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----- Original Message -----
From: Kristine R. Brancolini <email@example.com>
To: Multiple recipients of list <firstname.lastname@example.org>
Sent: Monday, October 09, 2000 1:31 PM
Subject: Re: future DVD? Naaa
> OK, let's be more specific. Educational video includes home video,
> including feature films. How to do you negotiate with these rights
> holders? The system Mark describes leaves teachers with a *very* limited
> number of choices. This might work for K-12, but colleges and
> universities need access to a broader range of content than Mark's system
> would provide.
> Regarding educational titles on DVD: They are beginning to be released.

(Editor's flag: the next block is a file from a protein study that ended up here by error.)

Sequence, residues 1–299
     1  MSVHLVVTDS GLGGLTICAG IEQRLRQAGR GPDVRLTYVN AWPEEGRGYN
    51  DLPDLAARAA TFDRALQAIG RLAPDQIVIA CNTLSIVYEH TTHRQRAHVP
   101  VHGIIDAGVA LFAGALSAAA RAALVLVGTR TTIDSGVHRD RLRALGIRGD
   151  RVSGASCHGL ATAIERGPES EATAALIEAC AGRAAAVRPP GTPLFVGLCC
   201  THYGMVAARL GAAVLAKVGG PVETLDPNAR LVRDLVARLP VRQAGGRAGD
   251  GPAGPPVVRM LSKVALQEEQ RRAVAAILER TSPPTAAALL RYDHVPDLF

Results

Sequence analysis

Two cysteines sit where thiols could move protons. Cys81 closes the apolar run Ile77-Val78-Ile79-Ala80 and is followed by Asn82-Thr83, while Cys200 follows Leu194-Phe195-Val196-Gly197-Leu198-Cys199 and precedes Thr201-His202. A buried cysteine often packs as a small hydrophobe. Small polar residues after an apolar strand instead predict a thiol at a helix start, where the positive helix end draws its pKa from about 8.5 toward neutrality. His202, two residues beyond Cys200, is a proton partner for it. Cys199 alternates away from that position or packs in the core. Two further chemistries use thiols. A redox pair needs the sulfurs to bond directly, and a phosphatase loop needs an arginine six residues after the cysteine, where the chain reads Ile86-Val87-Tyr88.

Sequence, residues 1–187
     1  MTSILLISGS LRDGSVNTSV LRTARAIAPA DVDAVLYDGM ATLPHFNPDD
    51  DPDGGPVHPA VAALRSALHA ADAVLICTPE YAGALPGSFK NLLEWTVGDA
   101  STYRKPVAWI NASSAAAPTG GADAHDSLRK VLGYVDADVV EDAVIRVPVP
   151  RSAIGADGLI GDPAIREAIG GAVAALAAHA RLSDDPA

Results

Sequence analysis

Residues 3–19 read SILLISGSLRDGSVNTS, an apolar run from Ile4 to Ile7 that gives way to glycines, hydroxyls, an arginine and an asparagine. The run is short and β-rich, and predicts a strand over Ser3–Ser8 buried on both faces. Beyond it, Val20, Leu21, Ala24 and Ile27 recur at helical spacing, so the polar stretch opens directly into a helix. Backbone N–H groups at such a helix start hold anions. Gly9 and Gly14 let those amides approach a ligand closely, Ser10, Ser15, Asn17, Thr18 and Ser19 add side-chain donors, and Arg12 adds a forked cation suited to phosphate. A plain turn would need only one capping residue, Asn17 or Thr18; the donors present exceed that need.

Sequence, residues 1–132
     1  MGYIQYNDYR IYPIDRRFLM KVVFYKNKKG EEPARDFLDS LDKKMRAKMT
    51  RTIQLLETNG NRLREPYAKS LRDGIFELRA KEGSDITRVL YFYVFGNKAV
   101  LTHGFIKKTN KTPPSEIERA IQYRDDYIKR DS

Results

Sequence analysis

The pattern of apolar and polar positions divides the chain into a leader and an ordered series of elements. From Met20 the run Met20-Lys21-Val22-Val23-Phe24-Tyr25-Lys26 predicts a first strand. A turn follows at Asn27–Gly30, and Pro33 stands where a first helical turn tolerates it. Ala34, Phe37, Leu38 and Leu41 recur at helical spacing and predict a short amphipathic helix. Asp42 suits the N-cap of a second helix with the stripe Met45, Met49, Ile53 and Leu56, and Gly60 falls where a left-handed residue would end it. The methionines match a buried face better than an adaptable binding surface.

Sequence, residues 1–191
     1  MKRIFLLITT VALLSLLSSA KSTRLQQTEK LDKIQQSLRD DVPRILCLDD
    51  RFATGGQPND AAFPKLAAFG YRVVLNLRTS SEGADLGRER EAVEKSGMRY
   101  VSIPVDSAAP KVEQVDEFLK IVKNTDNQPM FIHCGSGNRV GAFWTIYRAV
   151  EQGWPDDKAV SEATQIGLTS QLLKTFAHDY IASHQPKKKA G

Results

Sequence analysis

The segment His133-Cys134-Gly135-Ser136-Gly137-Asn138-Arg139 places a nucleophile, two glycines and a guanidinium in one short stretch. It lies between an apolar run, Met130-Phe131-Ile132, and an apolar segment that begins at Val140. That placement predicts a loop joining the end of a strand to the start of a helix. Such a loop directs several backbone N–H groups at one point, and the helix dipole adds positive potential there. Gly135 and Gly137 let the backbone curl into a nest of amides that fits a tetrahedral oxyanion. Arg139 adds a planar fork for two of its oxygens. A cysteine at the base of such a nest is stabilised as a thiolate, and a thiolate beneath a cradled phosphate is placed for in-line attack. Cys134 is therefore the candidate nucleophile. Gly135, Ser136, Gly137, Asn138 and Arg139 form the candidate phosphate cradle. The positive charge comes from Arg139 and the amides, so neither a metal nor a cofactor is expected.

> I agree that VHS is not disappearing any time soon. And as much as
> librarians dislike the idea, we are all likely to be supporting DVD and
> VHS simultaneously. I still have 3/4" U-matic in my collection. That
> brings our video formats to four: 3/4", VHS, laserdisc, and DVD. That's
> a fact of life for a college or university library. I imagine that public
> libraries will be supporting VHS and DVD for many year to come as well.
> Instead of "future DVD? Naaa," I say "digital distribution? Naaa." For
> lots of reasons, not just intellectual property. -- Kris
> On Mon, 9 Oct 2000, Rick Faaberg wrote:
> > On 10/9/2000 12:33 PM, Jessica at email@example.com may have
> > > Doesn't this leave you with a fairly small amount of mostly
> > > films.
> > Hi,
> > (Just had to respond, Mark!)
> > In K-12 regional media libraries, ALL of our videos are educational.
> > our mission!
> > 8^)
> > Rick
> > Northwest Regional ESD
> > Oregon, USA
> Kristine R. Brancolini, Director, Digital Library Program
> Main Library E170, 1320 E. Tenth Street
> Indiana University, Bloomington, IN 47405
> Phone: 812.855.3710 | Fax: 812.856.2062 | Web: www.dlib.indiana.edu